Serving God and Mammon: The ‘Minerals-Railway Complex’ and its effects on colonial public finances in the British Cape Colony, 1810-1910

Forskningsoutput: Working paper

Standard

Serving God and Mammon: The ‘Minerals-Railway Complex’ and its effects on colonial public finances in the British Cape Colony, 1810-1910. / Gwaindepi, Abel.

2019. uppl. Stellenbosch University, 2019. s. 1-38 (Stellenbosch Working Paper Series ; Nr. WP07/2019).

Forskningsoutput: Working paper

Harvard

Gwaindepi, A 2019 'Serving God and Mammon: The ‘Minerals-Railway Complex’ and its effects on colonial public finances in the British Cape Colony, 1810-1910' Stellenbosch Working Paper Series , nr. WP07/2019, 2019 uppl, Stellenbosch University, s. 1-38.

APA

Gwaindepi, A. (2019). Serving God and Mammon: The ‘Minerals-Railway Complex’ and its effects on colonial public finances in the British Cape Colony, 1810-1910. (2019 uppl.) (s. 1-38). (Stellenbosch Working Paper Series ; Nr. WP07/2019). Stellenbosch University.

CBE

Gwaindepi A. 2019. Serving God and Mammon: The ‘Minerals-Railway Complex’ and its effects on colonial public finances in the British Cape Colony, 1810-1910. 2019 uppl. Stellenbosch University. s. 1-38. (Stellenbosch Working Paper Series ; WP07/2019).

MLA

Vancouver

Gwaindepi A. Serving God and Mammon: The ‘Minerals-Railway Complex’ and its effects on colonial public finances in the British Cape Colony, 1810-1910. 2019 uppl. Stellenbosch University. 2019 mar 18, s. 1-38. (Stellenbosch Working Paper Series ; WP07/2019).

Author

Gwaindepi, Abel. / Serving God and Mammon: The ‘Minerals-Railway Complex’ and its effects on colonial public finances in the British Cape Colony, 1810-1910. 2019. uppl. Stellenbosch University, 2019. s. 1-38 (Stellenbosch Working Paper Series ; WP07/2019).

RIS

TY - UNPB

T1 - Serving God and Mammon: The ‘Minerals-Railway Complex’ and its effects on colonial public finances in the British Cape Colony, 1810-1910

AU - Gwaindepi, Abel

PY - 2019/3/18

Y1 - 2019/3/18

N2 - The resource curse literature underscores the fact that extractive economies face challenges in diversifying their economies. What is less explored are the public finance challenges encountered in these economies when the extractive industries are completely privatized. Using a recently compiled dataset on public revenues, expenditures and debt, this paper explores the nexus between the privatized extractive sector operations and public finance policies of the Cape Colony between 1810 and 1910. The paper finds that despite the natural resource endowment, the Cape Colony became heavily indebted and had huge budget deficits by the time it joined the Union of South Africa in 1910. After the discovery of diamonds, competition for resource-rents caused a slowdown and in some instances reversed the progress made in consolidating state institutions. The drive towards a national program of development inherent in self-governing colonies was overpowered when the competition for resource-rents culminated in rent-seeking led by the interests in the monopolized extractive sector. Rather than being the main source of government revenues and a basis for inclusive economic progress, as expected in a self-governing settler colony, diamonds became a trap through the operations of what I call a ‘Minerals-Railway complex’. The insights from the study have important implications for our understanding of both settler colonialism in Sub-Sahara Africa as well as the management of natural resources in developing economies.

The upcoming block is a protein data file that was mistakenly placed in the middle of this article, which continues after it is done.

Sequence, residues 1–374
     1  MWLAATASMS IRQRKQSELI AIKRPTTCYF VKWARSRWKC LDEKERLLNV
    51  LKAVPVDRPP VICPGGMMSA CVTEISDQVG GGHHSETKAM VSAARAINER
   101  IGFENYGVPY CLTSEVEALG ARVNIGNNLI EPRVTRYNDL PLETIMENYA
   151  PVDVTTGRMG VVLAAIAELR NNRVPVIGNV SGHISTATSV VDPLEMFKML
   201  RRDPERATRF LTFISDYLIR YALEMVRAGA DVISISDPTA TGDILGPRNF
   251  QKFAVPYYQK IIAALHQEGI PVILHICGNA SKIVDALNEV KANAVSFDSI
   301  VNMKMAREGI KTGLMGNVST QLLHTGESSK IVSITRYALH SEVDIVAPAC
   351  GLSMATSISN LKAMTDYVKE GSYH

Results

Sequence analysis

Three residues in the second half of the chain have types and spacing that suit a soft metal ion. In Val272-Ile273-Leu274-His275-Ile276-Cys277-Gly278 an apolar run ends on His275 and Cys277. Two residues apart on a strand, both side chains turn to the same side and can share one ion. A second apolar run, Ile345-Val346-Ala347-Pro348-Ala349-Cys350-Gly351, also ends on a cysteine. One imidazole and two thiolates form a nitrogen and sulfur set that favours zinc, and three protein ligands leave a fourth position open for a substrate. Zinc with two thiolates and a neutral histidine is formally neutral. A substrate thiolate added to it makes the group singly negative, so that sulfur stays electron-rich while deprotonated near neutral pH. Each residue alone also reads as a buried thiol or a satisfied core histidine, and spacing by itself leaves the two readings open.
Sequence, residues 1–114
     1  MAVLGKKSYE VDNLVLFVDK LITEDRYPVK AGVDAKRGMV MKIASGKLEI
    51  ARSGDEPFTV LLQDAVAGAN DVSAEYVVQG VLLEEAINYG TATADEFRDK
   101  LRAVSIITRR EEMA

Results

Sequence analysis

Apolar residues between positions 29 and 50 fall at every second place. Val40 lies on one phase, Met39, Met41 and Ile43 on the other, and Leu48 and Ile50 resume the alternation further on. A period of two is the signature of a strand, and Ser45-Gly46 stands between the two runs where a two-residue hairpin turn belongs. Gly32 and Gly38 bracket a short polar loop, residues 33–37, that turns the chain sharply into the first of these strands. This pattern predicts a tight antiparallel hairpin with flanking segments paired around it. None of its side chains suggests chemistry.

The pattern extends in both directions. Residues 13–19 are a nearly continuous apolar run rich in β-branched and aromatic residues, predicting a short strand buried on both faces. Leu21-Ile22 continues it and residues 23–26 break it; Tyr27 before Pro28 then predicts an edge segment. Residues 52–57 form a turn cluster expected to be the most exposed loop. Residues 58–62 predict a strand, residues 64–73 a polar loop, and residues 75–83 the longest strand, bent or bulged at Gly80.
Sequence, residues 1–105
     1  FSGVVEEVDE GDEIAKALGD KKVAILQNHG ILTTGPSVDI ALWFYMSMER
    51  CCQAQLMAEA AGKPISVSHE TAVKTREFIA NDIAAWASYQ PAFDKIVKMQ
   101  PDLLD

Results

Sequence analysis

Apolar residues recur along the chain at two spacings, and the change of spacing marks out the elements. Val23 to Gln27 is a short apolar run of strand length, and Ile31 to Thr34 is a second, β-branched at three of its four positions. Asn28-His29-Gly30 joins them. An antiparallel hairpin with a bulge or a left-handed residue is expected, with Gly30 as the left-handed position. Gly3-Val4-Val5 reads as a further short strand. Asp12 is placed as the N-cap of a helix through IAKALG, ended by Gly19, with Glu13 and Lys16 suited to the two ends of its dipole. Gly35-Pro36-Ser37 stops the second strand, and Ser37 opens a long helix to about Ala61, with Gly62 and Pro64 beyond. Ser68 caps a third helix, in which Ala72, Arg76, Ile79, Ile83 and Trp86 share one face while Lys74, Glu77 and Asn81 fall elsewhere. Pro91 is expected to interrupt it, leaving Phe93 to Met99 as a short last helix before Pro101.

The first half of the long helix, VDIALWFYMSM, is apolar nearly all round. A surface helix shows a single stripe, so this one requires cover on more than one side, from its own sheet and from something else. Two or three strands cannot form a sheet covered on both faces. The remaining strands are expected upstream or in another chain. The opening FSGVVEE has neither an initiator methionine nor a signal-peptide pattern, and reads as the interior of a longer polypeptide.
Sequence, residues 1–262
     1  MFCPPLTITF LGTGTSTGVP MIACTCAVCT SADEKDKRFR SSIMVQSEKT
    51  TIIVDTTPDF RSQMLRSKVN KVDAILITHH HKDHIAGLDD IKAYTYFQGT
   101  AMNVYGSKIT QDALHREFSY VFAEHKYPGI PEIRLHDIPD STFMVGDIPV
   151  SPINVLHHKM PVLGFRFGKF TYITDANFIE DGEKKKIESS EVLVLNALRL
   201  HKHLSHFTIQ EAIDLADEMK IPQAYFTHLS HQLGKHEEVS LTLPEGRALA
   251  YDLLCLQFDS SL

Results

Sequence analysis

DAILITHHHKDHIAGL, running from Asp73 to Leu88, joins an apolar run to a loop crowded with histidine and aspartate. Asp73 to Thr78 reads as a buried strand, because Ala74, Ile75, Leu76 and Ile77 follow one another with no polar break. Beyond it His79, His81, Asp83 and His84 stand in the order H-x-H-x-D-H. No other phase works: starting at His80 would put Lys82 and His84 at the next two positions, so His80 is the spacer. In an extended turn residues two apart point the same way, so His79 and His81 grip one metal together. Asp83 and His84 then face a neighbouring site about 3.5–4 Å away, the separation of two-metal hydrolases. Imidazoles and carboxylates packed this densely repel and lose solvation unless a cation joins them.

AB - The resource curse literature underscores the fact that extractive economies face challenges in diversifying their economies. What is less explored are the public finance challenges encountered in these economies when the extractive industries are completely privatized. Using a recently compiled dataset on public revenues, expenditures and debt, this paper explores the nexus between the privatized extractive sector operations and public finance policies of the Cape Colony between 1810 and 1910. The paper finds that despite the natural resource endowment, the Cape Colony became heavily indebted and had huge budget deficits by the time it joined the Union of South Africa in 1910. After the discovery of diamonds, competition for resource-rents caused a slowdown and in some instances reversed the progress made in consolidating state institutions. The drive towards a national program of development inherent in self-governing colonies was overpowered when the competition for resource-rents culminated in rent-seeking led by the interests in the monopolized extractive sector. Rather than being the main source of government revenues and a basis for inclusive economic progress, as expected in a self-governing settler colony, diamonds became a trap through the operations of what I call a ‘Minerals-Railway complex’. The insights from the study have important implications for our understanding of both settler colonialism in Sub-Sahara Africa as well as the management of natural resources in developing economies.

KW - public finances

KW - fiscal capacity

KW - elite power

KW - economic development

KW - natural resources

KW - African colonialism

KW - Cape Colony

KW - H30

KW - H41

KW - H50

KW - H61

KW - N17

M3 - Working paper

VL - 44

T3 - Stellenbosch Working Paper Series

SP - 1

EP - 38

BT - Serving God and Mammon: The ‘Minerals-Railway Complex’ and its effects on colonial public finances in the British Cape Colony, 1810-1910

PB - Stellenbosch University

ER -